We were having some trouble tracking our load-balanced logfiles, and I thought there was a simple way to
The problem happens when you host a website on multiple machines simultaneously. Then you have 'n' logfiles that overlap in time,
and you want to merge them efficiently (say, without running a sort like gnu sort, which is slow, and can't parse logfile dates.) In our case, we have
many GB of logs a day, and it's very nice to be able to merge at about disk bandwidth, with a low memory footprint.
This also requires that you figure out the command line flags to do 64-bit IO, which are quite simple. To compile the dmerge program with g++, I do this:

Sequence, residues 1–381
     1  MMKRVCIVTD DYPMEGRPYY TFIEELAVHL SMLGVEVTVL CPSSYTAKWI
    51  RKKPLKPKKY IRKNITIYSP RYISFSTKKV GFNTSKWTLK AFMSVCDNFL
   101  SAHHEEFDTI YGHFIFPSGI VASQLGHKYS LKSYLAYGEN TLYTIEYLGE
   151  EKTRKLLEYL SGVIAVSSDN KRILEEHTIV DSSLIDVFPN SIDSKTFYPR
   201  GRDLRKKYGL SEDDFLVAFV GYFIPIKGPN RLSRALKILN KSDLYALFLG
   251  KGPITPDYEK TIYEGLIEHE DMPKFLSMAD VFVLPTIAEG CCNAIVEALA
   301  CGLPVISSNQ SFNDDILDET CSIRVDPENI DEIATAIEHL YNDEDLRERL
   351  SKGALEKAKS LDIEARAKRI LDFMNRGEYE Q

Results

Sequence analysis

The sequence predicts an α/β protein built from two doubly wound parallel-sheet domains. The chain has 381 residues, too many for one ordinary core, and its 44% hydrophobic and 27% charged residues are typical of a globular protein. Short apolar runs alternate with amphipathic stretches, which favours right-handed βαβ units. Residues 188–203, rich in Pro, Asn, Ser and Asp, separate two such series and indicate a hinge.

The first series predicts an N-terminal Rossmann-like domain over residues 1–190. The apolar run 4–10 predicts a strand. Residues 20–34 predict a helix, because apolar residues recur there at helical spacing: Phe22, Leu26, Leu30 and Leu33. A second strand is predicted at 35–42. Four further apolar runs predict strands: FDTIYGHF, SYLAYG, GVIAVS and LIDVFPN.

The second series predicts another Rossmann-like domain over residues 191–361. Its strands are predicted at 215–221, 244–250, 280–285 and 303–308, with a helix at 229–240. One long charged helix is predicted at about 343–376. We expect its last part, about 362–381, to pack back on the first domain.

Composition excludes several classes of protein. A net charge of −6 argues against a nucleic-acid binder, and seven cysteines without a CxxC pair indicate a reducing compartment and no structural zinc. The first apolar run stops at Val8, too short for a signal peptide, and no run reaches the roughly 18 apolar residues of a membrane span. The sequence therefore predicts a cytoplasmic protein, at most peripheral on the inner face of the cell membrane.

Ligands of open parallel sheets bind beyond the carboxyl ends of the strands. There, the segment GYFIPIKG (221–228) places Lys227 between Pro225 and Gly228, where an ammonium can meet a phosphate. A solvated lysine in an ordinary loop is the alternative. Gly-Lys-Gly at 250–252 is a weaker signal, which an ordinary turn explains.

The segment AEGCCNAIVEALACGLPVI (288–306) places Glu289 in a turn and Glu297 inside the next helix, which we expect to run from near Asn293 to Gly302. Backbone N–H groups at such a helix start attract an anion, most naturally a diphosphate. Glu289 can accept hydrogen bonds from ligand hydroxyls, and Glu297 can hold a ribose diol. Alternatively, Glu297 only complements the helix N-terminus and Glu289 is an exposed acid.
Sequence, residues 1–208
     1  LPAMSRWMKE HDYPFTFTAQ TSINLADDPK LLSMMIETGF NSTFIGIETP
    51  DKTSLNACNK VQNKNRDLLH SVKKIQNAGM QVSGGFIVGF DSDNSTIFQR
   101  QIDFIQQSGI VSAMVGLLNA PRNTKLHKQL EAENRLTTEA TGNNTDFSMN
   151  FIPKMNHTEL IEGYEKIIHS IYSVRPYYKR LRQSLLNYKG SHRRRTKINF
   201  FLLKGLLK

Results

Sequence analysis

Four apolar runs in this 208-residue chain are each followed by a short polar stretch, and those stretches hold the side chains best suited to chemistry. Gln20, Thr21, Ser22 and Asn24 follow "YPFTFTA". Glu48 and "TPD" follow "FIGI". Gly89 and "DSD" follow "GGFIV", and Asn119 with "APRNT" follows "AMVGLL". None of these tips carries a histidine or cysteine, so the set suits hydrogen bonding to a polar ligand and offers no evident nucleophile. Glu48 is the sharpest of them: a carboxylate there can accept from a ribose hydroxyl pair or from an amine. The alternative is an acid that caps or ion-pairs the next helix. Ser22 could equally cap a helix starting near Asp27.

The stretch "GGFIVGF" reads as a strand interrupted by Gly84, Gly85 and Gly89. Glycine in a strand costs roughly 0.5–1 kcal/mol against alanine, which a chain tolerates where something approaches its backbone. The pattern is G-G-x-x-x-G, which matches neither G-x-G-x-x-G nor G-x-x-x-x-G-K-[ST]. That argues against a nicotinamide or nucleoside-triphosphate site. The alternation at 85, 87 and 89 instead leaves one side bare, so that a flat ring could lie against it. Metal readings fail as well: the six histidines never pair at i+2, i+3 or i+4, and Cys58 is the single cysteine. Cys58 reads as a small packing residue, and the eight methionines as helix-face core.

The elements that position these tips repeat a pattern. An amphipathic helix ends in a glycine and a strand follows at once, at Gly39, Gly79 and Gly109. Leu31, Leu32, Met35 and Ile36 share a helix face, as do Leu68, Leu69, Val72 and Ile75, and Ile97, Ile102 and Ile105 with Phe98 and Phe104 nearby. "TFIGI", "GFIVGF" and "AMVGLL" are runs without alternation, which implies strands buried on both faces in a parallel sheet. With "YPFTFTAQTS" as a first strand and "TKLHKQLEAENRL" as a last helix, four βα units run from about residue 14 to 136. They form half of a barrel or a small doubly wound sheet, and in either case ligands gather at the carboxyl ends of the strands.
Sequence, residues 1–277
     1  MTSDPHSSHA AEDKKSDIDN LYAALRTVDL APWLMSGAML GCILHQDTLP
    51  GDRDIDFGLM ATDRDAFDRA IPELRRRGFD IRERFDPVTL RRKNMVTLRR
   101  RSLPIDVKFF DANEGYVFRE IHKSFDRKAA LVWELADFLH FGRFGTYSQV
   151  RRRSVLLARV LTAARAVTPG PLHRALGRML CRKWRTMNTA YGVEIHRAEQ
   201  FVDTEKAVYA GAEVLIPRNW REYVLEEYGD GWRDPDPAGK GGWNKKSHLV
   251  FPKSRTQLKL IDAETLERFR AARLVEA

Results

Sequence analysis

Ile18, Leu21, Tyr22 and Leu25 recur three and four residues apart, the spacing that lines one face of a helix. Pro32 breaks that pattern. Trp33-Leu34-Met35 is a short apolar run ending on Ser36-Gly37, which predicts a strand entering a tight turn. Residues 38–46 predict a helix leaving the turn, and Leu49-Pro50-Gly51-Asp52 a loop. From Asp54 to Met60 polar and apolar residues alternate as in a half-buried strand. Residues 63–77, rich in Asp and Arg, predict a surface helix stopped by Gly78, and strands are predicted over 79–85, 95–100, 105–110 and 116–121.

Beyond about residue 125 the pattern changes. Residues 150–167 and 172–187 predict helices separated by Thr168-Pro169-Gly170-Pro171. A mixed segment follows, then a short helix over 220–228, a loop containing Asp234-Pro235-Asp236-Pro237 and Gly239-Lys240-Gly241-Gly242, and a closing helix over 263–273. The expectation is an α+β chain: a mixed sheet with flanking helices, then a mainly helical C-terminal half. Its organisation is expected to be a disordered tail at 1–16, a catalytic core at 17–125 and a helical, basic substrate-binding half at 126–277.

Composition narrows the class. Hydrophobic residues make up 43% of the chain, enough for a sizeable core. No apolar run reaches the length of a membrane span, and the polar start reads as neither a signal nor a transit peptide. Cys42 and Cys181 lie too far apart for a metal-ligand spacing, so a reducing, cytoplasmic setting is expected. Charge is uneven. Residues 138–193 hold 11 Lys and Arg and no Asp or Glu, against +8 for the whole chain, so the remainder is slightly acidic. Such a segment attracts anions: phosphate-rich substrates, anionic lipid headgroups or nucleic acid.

g++ -O2 -D_LARGEFILE_SOURCE -D_FILE_OFFSET_BITS=64 -o dmerge dmerge.C
And then I seemed to have to use fopen64 instead of fopen, as well. There's a lot of silly code to parse dates, which I'm sure is in a standard library
somewhere, but I didn't look.
To use dmerge, you give it several files to merge on the command line (which should each internally be sorted), and it spits out sorted output to stdout.
So you can do
dmerge logs* > merged and it will do the right thing (if you don't run out of file handles).
Code is here: github/herf/dmerge